When in PuTTY, you can mark text content with the mouse and, without pressing any key (like [Ctrl]+[c]), it is being automatically stored. You can then insert it the usual way (with [Ctrl]+[v]) in an other windows, e.g. an open firefox. The other way around, you copy text the usual way [Ctrl]+[c]) and then paste it in PuTTY by pressing the [right mouse button]!

In PuTTY goto “Terminal”“Features” and check “Disable application keypad mode”.

* For some orientation with the file system and the whole directories, check flash.layout.

At login you will be in your $HOME directory, which is /root for user root and would be /home/user1 for user1, etc. Commands:

Command Memorize Description
pwd print working directory prints out the current directory you are in
cd change directory move through the file system directory tree: cd .., cd /, cd /etc/init.d, cd /tmp
ls list print the content of the current directory, ls -l /etc
cat concatenate print the content of a file on screen: cat /etc/config/network, cat /tmp/dhcp.leases
cp copy creates a copy of the specified file, cp network network.bak
mv move creates a copy of the specified file and deletes the original, mv /tmp/opkg-lists/snapshots /mnt/sda1/opkg/packages
df disk free Shows you available space. Again, see flash.layout for understanding /rom, etc. And see df for help with the command and it's options. Try df -h.
free info about free RAM
uptime time elapsed since last boot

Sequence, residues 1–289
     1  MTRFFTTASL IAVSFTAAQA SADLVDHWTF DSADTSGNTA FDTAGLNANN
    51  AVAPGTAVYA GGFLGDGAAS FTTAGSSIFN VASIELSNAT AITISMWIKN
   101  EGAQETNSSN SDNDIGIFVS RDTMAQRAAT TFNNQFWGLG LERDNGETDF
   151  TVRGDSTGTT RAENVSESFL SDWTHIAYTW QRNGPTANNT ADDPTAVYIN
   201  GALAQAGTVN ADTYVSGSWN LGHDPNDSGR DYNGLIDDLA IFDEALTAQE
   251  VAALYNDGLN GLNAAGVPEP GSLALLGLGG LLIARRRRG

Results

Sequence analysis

dmesg print or control the kernel ring buffer
logread Shows the messages from syslogd (using circular buffer)
cat /proc/version
cat /proc/meminfo more detailed info about RAM usage
cat /proc/cpuinfo info about your CPU
cat /proc/mtd
cat /proc/partitions
cat /proc/net/nf_conntrack
cat /proc/cmdline
cat /proc/modules

There is a ton of commands with a ton of options. On a full blown Linux distribution you would issue a man command to learn about the command and its options. However OpenWrt is minimalistic and thus does not contain this functionality. So either read the man-pages (manual pages) on another GNU/Linux machine or read them online: e.g. at vi. Man pages are in the process of being translated.

Tip In firefox, you can use keywords to simplify the usage. Create a new bookmark, use as address and man as keyword.

To edit a file you need an editor, to edit a text file, you would use a text editor.

The standard text editor included is vi. Until you get used to it, vi is neither intuitive nor pretty.